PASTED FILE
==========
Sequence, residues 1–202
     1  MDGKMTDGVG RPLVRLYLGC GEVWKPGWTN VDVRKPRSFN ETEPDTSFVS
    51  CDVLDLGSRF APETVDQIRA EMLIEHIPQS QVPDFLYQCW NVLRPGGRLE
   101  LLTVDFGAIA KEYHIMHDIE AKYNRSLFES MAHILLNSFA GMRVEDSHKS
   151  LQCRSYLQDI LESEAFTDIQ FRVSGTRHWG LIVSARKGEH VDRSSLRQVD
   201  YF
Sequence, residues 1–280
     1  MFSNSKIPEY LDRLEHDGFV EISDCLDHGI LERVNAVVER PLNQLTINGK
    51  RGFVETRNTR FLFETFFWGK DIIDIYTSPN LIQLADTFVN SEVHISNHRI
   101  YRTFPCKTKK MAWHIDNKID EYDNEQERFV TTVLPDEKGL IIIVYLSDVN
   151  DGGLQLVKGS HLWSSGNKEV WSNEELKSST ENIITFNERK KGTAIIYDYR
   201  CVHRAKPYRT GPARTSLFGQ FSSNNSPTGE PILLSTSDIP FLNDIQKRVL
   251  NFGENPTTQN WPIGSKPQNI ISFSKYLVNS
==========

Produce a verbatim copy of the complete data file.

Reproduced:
Sequence, residues 1–202
     1  MDGKMTDGVG RPLVRLYLGC GEVWKPGWTN VDVRKPRSFN ETEPDTSFVS
    51  CDVLDLGSRF APETVDQIRA EMLIEHIPQS QVPDFLYQCW NVLRPGGRLE
   101  LLTVDFGAIA KEYHIMHDIE AKYNRSLFES MAHILLNSFA GMRVEDSHKS
   151  LQCRSYLQDI LESEAFTDIQ FRVSGTRHWG LIVSARKGEH VDRSSLRQVD
   201  YF
Sequence, residues 1–280
     1  MFSNSKIPEY LDRLEHDGFV EISDCLDHGI LERVNAVVER PLNQLTINGK
    51  RGFVETRNTR FLFETFFWGK DIIDIYTSPN LIQLADTFVN SEVHISNHRI
   101  YRTFPCKTKK MAWHIDNKID EYDNEQERFV TTVLPDEKGL IIIVYLSDVN
   151  DGGLQLVKGS HLWSSGNKEV WSNEELKSST ENIITFNERK KGTAIIYDYR
   201  CVHRAKPYRT GPARTSLFGQ FSSNNSPTGE PILLSTSDIP FLNDIQKRVL
   251  NFGENPTTQN WPIGSKPQNI ISFSKYLVNS